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I searched for ways to commit suicide but the internet saved my life

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Natasha Benjamin, 34, lives in East London and is the Founder of Free Your Mind, a charity that supports children of domestic violence.

Growing up as a child of domestic violence, I can’t remember ever not feeling depressed. From the age of six, I witnessed my stepfather abuse my mum, and had felt helpless and afraid. As an only child, I become even more isolated for fear of any serious repercussions. When I was nine, my step-granddad asked me if my stepfather beat my mum and I told him no as I was so scared of saying the wrong thing and I just wanted to keep mum safe. But I carried the guilt with me right up until adulthood because I didn’t speak up at the time.

As I hit my early twenties I’d got into a habit of being attracted to unhealthy relationships, dating abusive men who called me names and put me down. At the time, I believed that was the norm because my mother’s relationship set the blueprint for what I thought was normal and acceptable. I didn’t think there was anything wrong with it, despite friends telling me otherwise.

Just when I thought life couldn’t get any worse, it did. In 2009, I was made redundant from my marketing role following a tribunal case against a male boss for workplace bullying. It was partially upheld in my favour, but I had to take a lot of time off work during this case which contributed to my depression. This was later followed by a car accident that left me not only with whiplash but recurring nightmares, resulting in PTSD trauma.

I started therapy in 2012, after opening up to my best friend who encouraged me to see a professional. After being diagnosed with depression, anxiety and panic attacks, I was put on anti-depressants. Yet, still, I was not in a better mental place where I found therapy or anything else helpful. To deal with everything, I turned to alcohol and weekly partying to take my mind off how I was feeling. Some nights I would black out from being so drunk, and would never remember anything the next morning.

I decided to go back to Birmingham to stay with my mum for a while, to escape the excessive drinking and partying. One day I sat alone thinking, ‘how the hell did I get to this point?’ and that’s when it dawned on me that all the negative things happening was a result of my childhood trauma. I had been in survival mode all of these years, carrying around the pain, and I couldn’t run anymore. I had been feeling very hopeless, desperate to escape.

My computer was on and I typed into the search engine, ‘painless ways to die’. My life had been traumatic for so long that I told myself if I’m going to end it, I didn’t want to feel any more pain. During this online search, I came across a page that caught my eye. It literally spoke to me, and what I read was so profound. The page said, ‘you don’t want to die; you just want to kill your old life. So why don’t you?’.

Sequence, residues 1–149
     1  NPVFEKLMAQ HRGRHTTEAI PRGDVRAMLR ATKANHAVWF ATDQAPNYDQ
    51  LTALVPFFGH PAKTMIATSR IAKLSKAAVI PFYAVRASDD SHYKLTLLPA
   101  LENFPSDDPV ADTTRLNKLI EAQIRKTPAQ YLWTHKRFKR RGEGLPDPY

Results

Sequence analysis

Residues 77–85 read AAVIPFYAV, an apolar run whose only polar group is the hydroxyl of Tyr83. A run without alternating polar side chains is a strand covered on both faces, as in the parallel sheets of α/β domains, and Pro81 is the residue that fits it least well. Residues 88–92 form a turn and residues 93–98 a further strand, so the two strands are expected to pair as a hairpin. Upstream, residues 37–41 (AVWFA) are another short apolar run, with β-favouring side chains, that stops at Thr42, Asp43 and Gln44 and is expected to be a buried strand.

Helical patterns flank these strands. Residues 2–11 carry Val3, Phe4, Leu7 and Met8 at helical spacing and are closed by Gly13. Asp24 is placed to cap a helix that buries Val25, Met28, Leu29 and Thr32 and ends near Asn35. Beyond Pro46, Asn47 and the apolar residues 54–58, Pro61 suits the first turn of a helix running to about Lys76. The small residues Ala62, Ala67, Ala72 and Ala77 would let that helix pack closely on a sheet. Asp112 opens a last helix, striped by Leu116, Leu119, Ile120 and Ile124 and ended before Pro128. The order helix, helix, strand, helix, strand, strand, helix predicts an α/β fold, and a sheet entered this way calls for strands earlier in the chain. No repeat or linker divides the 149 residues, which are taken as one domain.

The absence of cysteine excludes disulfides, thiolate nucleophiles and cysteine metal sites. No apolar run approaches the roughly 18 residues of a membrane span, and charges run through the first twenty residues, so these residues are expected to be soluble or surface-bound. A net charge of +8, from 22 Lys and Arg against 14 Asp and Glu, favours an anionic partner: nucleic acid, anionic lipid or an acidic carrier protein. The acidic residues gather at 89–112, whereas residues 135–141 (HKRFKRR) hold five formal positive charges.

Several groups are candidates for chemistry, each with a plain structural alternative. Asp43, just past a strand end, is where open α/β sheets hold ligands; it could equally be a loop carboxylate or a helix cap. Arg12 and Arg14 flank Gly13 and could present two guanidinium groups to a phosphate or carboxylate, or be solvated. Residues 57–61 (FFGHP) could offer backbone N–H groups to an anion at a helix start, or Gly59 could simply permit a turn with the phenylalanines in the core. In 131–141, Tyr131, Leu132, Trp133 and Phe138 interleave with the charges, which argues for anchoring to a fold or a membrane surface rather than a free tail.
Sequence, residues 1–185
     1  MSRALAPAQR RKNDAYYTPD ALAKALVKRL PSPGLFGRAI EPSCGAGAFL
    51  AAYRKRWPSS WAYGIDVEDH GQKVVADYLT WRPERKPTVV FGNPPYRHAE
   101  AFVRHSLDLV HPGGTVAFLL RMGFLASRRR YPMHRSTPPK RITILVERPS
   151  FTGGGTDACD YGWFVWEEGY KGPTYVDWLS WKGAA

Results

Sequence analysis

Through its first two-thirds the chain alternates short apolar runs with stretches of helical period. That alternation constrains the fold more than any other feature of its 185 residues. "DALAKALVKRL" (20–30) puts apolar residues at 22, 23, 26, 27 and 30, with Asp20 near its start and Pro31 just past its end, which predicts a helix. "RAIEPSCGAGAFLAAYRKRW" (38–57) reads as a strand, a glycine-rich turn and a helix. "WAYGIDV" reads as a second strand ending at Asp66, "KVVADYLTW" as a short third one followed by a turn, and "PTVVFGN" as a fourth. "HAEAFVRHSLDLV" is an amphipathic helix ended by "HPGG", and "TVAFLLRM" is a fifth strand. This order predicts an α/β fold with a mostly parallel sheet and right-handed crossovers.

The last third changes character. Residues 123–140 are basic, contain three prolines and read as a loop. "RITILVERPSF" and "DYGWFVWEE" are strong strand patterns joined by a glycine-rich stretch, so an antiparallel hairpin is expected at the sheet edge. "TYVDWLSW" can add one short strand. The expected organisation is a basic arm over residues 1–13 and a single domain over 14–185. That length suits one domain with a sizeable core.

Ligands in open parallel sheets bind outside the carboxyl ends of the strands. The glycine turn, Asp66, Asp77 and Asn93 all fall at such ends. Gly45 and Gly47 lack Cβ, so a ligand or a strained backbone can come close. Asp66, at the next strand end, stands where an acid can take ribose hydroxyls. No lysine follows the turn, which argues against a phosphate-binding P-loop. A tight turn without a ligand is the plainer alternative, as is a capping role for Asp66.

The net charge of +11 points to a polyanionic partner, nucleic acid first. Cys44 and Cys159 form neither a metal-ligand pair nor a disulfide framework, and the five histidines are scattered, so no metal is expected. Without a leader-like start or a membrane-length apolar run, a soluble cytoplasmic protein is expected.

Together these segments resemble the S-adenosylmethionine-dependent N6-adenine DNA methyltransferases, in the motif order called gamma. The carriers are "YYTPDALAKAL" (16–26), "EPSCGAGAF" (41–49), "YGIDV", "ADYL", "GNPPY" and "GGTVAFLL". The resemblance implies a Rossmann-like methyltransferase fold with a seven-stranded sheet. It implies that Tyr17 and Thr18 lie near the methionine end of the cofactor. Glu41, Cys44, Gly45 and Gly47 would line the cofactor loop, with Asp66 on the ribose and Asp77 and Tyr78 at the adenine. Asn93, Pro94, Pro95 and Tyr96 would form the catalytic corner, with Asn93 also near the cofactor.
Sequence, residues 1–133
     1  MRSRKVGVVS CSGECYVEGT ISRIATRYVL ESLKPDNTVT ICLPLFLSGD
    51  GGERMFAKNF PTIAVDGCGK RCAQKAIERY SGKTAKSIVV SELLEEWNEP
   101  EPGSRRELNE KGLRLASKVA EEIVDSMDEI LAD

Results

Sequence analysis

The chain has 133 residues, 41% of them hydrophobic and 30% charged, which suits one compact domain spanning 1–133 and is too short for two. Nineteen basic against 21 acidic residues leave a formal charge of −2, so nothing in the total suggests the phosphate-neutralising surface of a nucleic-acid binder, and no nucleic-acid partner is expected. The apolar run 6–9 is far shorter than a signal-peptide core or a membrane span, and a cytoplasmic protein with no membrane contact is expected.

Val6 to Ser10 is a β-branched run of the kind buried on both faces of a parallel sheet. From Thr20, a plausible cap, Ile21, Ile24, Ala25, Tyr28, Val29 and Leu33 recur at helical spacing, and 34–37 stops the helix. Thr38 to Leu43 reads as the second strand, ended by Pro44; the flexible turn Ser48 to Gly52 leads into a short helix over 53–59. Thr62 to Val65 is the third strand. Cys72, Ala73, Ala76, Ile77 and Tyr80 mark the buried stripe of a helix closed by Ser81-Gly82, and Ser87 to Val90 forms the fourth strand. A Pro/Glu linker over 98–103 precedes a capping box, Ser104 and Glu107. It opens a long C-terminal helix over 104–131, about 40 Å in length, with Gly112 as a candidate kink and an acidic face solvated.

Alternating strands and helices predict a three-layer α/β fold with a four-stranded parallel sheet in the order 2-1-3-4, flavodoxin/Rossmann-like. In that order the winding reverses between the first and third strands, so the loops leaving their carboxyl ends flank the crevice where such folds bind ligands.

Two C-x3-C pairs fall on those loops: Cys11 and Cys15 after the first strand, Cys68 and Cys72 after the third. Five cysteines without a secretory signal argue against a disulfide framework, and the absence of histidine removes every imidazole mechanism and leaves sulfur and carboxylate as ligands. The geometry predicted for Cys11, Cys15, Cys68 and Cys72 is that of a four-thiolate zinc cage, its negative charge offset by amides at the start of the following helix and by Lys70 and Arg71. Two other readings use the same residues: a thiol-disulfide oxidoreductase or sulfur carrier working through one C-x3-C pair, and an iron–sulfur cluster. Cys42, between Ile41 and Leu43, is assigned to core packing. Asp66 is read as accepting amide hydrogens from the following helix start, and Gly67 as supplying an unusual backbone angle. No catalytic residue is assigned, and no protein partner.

Online search engines highlights keywords and sends you to relevant pages, so I guess this was the page I needed to see. At the time I thought it was fate but now I’m sure Google is moderated to have these types of searches flagged up.

At that moment, I realised the post was right – I didn’t want to die. I just wanted my life to be different. From then I started working on my own self-care to be more intuitive, and spending time around positive/supportive people. I had met with a hypnotist called Ursula Benjamin who helped me become very introspective about my childhood, and looked at what I could learn from it - this is still an ongoing process.

I spent more time with family whom I was previously estranged from, and built a close relationship with my biological dad. Ironically, both my dad and his wife work in the mental health field and had no idea mum and I went through so much. Together, they were supportive in helping me deal with my trauma. They listened a lot without being judgemental, and were very understanding.

I also started writing a blog, as I needed somewhere to put my thoughts, which later extended to a Facebook support group called, Free Your Mind. I was flooded with responses from people who had grown up with domestic abuse and were using different mediums to survive, such as drugs, sex, alcohol to numb the pain. I thanked them all, telling them it’s important that we get to have our experiences of domestic violence validated too. It made me feel less alone, and that sharing was the right thing to do.

I realised I could really make a difference. I ran a sponsored marathon in Hyde Park in 2013 and raised £250. It wasn’t much but it gave me something to set up my website and officially set up the charity to work directly with children of domestic abuse. I worked from home for about five years, while doing various roles in marketing at same time, before I got my own office.

Since 2017, we have partnered with local authorities, rescue services, NHS and various charities. Our small team all have experiences in domestic violence and so it helps to relate better with young people, without seeming intimidating.

Over the years, I developed my own skill set to learn counselling, different therapies, and I’m also a teacher of Reiki and now a therapist. It has been a long road to my recovery, with loads of ups and down but I’ve finally found my feet- not running away and confronting everything. I’m also in a healthy relationship with a long-time friend, and I write a gratitude journal every day. It reminds me that I can give myself permission to feel joy and no longer be afraid of the past. It’s changed my life knowing that by sharing my own story, it has given myself and others, a voice and purpose in life.

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